the mushroom factory
is a collaboration born from Chris Carrier and Deana Wojcik’s love of food, experiments, and all things weird. The idea for our urban farm—which grows mushrooms on spent materials produced in the city, like sawdust from Ganas MFG and grain from Rosedale Beer & Bistro—was hatched during our semester in Build Institute’s Social Entrepreneurship class. We're working to realize our goal of functioning as a teaching farm that produces food for area residents and restaurants, hosts students and citizen scientists in the lab, and collaborates with local environmental agencies on bioremediation efforts.
our farm philosophy
OPEN SOURCE, CLOSED LOOP is how we sum up our approach to farming, food, and business. At The Mushroom Factory we blend traditional mushroom cultivation practices with modern technology in an effort to be as efficient and sustainable as possible.
OPEN SOURCE is the notion that free information generates innovation, promotes access, and stirs creativity. We're transparent about our methods—the code we write, the tools we use, and the failures we face along the way. Why? Because we think people deserve to know the full story of the food they buy and eat.
CLOSED LOOP is a commitment to creative reuse. We've set out to leverage underutilized resources in our community: spent brewers grain, sawdust, cardboard, a long-vacant warehouse. By making productive use of other industries' byproducts, we're attempting to tighten connections among Detroit businesses and localize recycling—in other words, close the loop.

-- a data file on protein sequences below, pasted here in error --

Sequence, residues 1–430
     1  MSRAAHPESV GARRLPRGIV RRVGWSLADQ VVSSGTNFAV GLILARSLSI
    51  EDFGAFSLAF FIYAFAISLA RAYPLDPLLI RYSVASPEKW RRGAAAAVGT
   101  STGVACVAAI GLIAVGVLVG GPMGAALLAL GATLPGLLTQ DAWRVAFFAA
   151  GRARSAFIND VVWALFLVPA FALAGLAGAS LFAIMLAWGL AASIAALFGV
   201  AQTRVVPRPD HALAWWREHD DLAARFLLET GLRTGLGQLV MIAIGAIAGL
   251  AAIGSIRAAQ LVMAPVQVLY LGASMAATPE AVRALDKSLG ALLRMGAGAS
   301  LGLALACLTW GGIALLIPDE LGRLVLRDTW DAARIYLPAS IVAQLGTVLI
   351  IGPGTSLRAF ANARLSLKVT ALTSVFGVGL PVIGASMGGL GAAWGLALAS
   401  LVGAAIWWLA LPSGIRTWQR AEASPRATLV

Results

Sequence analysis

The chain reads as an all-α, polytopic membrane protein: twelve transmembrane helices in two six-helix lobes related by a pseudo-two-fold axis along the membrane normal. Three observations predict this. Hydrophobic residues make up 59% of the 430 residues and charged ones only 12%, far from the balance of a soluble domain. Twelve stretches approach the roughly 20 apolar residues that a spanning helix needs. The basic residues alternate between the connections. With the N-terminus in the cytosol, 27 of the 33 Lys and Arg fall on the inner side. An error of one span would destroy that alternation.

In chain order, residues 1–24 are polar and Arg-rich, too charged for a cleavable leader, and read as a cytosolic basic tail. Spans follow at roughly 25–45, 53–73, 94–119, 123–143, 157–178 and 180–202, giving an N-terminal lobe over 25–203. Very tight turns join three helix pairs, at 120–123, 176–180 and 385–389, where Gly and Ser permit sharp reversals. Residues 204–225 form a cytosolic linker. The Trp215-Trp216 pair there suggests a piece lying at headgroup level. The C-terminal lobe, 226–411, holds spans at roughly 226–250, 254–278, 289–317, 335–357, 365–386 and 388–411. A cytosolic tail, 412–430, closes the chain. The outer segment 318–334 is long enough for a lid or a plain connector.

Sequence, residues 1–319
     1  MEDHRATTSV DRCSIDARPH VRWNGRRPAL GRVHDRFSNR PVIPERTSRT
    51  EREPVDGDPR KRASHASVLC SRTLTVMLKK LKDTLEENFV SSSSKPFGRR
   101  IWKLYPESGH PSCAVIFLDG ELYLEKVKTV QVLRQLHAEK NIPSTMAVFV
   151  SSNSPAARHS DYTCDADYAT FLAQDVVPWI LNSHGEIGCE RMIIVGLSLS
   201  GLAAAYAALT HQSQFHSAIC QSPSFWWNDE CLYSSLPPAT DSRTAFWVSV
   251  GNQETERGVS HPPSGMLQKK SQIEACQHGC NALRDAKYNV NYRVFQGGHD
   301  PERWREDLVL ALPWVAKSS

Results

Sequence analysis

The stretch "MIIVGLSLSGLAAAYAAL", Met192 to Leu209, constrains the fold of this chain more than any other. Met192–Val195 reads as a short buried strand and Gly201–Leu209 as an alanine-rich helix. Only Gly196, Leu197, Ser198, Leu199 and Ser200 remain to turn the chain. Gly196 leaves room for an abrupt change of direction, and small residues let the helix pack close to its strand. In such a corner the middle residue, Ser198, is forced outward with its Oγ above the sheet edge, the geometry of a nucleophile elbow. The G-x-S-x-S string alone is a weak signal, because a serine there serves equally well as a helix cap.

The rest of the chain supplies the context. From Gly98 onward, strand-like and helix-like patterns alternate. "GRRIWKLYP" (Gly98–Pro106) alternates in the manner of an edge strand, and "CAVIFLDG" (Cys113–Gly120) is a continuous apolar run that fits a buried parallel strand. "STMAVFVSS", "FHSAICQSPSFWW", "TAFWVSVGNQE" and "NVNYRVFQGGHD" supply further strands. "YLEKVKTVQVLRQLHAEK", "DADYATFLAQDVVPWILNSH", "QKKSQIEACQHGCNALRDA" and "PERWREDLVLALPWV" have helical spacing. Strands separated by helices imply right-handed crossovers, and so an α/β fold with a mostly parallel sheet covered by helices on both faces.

For us it's about collaboration over competition and sustainability over shortcuts. If you want to learn more or share your own experience, please reach out!
OUR FARM MISSION
The Mushroom Factory promotes food access and sustainable agriculture in Detroit by growing gourmet and medicinal mushrooms on spent materials generated within the city.
We define sustainable agriculture as high-tech, low-impact, and driven by innovation. These values guide our business strategy and we prioritize reflection on key questions: Which resources are underutilized? How can we better activate existing spaces? What tools can we create to promote efficiency?
This commitment to sustainability applies to the experiences of our employees as well. Careers in education, engineering, and agriculture have taught us the many ways work can be unsustainable—underpayment, overexertion, and monotony undermine productivity, retention, and creativity. The Mushroom Factory is uniquely positioned to create a new, more balanced and progress-focused work experience. Our interdisciplinary mission allows us to work with each employee's goals and strengths. A single employee may spend some time writing code, some time shoveling grain, and some time leading farm tours or educational workshops. This prevents the injury often associated with farm labor and develops more well-rounded, versatile staff.